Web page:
Pregnant with Twins information

I am eight weeks pregnant with twins. I saw both heartbeats a week ago. Could you tell me what my odds are for successfully carrying both babies from this point?

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Peg Plumbo CNM

Peg Plumbo has been a certified nurse-midwife (CNM) since 1976. She has assisted at over 1,000 births and currently teaches in the... Read more

The happy diagnosis of twins also carries the realistic prognosis that this pregnancy may be at greater risk for problems. Miscarriage, fetal loss, intrauterine fetal death, placental problems, pregnancy induced hypertension, unequal (discordant) fetal growth, genetic as well as biochemical and "positional" fetal defects, and especially preterm labor all occur with more frequency in a multi-fetal pregnancy.

Miscarriage occurs at approximately a three times greater rate with multiple fetuses. If the babies are "monozygotic" or identical (from the same egg), the risk goes higher as it does with other problems as well.

The reassurance that we can sometimes provide to women after seeing the fetal heart on ultrasound does not necessarily extend to a twin pregnancy. Because twins are more likely to suffer other problems, visualization of the fetal heart, while somewhat reassuring, is not as reassuring.

One of the best indications of potential miscarriage in twin pregnancy is a disparity of 3 mm or more between the twin gestational sac diameter (if less than 49 days gestation) or between the twin crown-rump length in later gestations. When such discrepancy exists, the rate of miscarriage is 50 percent or higher.

Miscarriage may impact only one baby. The existence of a "vanishing twin" syndrome has been shown with a prevalence rate at about 21 percent. In this case, one twin is reabsorbed leaving the other twin to develop normally. This situation is seen more frequently in scans performed before 12 weeks.

A large percentage of mothers carrying twins in this decade have undergone some type of fertility treatment. Such women tend to be older and the literature is showing that infertile women have a profound increase in spontaneous pregnancy loss even after the early documentation of fetal cardiac activity. In addition, an abrupt increase in spontaneous abortion rates was seen in women over the age of 35 years.

A recent study from a perviously infertile population reported a seven percent incidence of spontaneous abortion after the early detection of fetal cardiac activity by transvaginal ultrasonography. Additionally, another study evaluating pregnancy outcomes in 293 pregnancies in previously infertile women with early documentation of fetal cardiac activity reported an incidence of spontaneous pregnancy loss of 11 percent.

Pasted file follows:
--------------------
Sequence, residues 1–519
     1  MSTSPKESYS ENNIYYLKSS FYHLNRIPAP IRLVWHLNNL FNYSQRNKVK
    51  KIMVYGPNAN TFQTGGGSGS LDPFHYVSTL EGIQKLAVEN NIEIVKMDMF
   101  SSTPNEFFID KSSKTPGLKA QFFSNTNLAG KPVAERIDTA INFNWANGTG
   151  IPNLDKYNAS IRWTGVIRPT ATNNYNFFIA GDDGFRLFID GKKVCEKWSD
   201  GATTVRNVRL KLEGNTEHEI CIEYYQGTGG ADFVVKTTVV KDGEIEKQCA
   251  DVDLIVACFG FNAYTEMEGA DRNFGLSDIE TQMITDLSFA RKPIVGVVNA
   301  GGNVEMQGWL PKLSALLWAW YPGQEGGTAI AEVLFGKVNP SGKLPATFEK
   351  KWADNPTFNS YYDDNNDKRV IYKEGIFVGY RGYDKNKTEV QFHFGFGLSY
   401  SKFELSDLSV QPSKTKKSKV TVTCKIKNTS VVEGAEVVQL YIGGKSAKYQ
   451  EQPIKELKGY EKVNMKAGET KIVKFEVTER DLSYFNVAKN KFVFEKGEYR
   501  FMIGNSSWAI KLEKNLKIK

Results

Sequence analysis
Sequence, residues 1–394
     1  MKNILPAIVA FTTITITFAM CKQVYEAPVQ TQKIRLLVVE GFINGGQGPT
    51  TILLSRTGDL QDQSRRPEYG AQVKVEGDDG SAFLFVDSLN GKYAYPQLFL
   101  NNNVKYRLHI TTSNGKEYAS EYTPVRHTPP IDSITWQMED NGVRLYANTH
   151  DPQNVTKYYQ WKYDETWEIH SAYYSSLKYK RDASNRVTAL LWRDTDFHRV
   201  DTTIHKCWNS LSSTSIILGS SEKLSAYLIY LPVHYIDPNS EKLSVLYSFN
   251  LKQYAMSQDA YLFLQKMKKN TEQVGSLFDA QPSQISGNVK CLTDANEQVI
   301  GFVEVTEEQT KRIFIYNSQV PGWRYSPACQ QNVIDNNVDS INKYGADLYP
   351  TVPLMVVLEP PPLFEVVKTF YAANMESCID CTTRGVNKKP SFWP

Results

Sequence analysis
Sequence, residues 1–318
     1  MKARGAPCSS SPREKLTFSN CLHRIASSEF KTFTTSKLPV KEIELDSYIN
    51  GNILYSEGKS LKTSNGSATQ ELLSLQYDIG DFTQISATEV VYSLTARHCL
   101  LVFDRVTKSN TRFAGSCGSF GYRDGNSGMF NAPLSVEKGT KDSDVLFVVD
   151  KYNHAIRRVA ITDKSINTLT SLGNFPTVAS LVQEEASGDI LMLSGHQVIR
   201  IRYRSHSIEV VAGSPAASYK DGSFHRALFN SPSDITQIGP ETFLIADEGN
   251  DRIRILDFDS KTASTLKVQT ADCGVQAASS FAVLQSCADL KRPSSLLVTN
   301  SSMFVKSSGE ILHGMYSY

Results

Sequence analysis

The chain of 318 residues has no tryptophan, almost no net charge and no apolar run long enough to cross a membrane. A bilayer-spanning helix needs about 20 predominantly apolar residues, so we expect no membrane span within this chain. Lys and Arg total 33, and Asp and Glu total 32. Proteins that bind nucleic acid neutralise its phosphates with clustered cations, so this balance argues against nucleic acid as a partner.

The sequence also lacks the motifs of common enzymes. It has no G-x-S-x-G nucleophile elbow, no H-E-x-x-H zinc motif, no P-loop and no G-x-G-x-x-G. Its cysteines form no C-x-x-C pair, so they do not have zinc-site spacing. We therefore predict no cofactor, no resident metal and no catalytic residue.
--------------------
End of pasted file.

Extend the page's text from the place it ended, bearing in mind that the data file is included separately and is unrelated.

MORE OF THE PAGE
Miscarriage also occurs more frequently with increased maternal age in fertile women. A large study in a fertile population reviewed the transabdominal sonograms of women presenting before 10 weeks of gestation for prenatal care. The overall loss rate after seeing the fetal heart was 2.1 percent. In this study of fertile women, the miscarriage rates ranged from 1.6 percent to 2.6 percent for patients less than 39 years of age. A miscarriage rate of 13.6 percent was noted in patients more than 40 years of age.

Ultrasound detection of fetal cardiac activity has been shown to have a higher positive predictive value for viability than the presence of either a gestational sac alone or the use of biochemical markers. The presence of fetal cardiac motion by transvaginal ultrasound in previously infertile women aged less than 30 years is highly reassuring. In one study, no pregnancy loss occurred in these women after documentation of fetal cardiac activity within 35 to 42 days after ovulation.

Thus, patients more than 35-years-old should be counseled that their risk of spontaneous abortion is significant even after early detection of fetal heart motion by transvaginal ultrasound. Furthermore, previously infertile women more than 40-years-old should be informed that their risk of pregnancy loss is increased fivefold over women 31 to 35 years of age. Despite the optimism engendered by the early confirmation of fetal cardiac activity by transvaginal ultrasound, the prognosis is guarded in these patients until a minimum of 10.4 weeks, when subsequent miscarriage rates should decline.

Although I don't know the precise statistics for twins as we've found for older infertile mothers, the risk of miscarriage is significant even after visualization of the fetal heart.

Despite all of this, a twin pregnancy has a good chance of being a healthy pregnancy. With proper care, nutrition and support, there is a high likelihood that the pregnancy will go to term or near term and you will have two healthy babies.

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